• Radio Frequency Identification (RFID) sticker project (2009);
  • Cybercrime Prevention Act of 2012 (2012); 
  • Approval of the Meralco rate hike (2013); 
  • Privatization of the Philippine Orthopedic Center (2014); 
  • Enhanced Defense Cooperation Agreement with the United States (2015); 
  • Light Rail Transit (LRT) and Metro Rail Transit (MRT) fare hike (2015);
  • Burial of dictator Ferdinand Marcos Sr. at the Libingan ng mga Bayani (2016);
  • Declaration of martial law in Mindanao and its extension (2017-2018);
  • Social Security Act of 2018 (2019); 
  • Lack of government-mandated mass testing during the COVID-19 pandemic (2020);
  • Anti-Terrorism Act of 2020 (2020);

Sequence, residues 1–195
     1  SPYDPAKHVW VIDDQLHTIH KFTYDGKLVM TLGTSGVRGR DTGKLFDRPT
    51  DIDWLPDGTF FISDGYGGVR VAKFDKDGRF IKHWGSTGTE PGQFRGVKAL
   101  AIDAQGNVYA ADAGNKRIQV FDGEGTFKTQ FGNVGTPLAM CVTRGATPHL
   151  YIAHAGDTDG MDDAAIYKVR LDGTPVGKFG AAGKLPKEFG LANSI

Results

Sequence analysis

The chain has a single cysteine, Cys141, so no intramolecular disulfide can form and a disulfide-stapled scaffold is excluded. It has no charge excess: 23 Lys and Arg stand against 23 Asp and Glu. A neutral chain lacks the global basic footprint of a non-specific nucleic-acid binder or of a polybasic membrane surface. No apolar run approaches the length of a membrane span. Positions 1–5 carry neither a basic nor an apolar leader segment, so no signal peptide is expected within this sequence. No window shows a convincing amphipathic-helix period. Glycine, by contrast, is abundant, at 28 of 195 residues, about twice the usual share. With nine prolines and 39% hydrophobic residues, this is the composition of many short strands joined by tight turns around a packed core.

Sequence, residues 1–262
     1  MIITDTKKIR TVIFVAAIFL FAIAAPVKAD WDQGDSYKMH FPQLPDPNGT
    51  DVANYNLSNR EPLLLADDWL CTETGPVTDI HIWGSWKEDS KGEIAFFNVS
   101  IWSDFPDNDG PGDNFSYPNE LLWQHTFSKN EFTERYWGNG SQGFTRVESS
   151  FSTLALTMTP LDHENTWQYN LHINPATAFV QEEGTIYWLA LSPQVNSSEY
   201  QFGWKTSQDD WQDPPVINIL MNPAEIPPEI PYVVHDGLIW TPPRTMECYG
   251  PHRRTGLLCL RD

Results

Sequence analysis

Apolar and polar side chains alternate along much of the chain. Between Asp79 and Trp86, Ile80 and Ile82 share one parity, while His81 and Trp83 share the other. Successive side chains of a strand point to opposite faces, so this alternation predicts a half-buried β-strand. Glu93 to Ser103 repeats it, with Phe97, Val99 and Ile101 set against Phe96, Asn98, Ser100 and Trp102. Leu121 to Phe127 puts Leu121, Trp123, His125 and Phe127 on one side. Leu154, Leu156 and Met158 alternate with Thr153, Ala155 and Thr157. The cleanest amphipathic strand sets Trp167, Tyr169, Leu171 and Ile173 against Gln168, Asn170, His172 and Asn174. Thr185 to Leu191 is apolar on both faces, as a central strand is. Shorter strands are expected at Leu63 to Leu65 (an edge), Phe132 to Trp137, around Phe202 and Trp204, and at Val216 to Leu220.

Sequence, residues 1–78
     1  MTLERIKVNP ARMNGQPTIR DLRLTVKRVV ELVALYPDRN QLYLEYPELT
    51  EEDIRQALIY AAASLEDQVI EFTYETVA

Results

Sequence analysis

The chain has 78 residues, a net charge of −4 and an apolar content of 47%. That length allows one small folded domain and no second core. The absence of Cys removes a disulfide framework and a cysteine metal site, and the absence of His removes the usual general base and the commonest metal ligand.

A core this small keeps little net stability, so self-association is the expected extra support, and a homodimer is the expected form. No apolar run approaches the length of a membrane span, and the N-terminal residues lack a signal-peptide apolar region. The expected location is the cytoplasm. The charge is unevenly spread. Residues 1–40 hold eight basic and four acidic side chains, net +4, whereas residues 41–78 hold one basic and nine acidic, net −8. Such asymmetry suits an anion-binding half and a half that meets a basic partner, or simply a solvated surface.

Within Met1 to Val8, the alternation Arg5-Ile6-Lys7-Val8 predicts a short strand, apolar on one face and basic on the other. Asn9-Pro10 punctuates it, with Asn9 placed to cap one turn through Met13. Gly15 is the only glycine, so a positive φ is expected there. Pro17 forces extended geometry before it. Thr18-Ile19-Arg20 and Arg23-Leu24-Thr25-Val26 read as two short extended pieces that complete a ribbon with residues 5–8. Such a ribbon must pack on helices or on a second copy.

• Deprivation of women inmates and their infant children’s’ right to breastfeed (the case of Reina Mae Nasino) (2020); 
  • Continuing application of the Ilagan v. Enrile doctrine in habeas corpus cases (the case of the Human Rights Day 7) (2021); and,
  • SIM Registration Act of 2022 (2023).

NUPL facilitates access to legal remedies and extraordinary reliefs, particularly the writs of habeas corpus, amparo, and habeas data, to confront grievous threats to life, liberty, and security. In 2020, amidst an unprecedented health crisis during the COVID-19 pandemic, NUPL assisted 21 political prisoners who were elderly, sick, or pregnant in petitioning the Supreme Court for humanitarian release or non-custodial measures.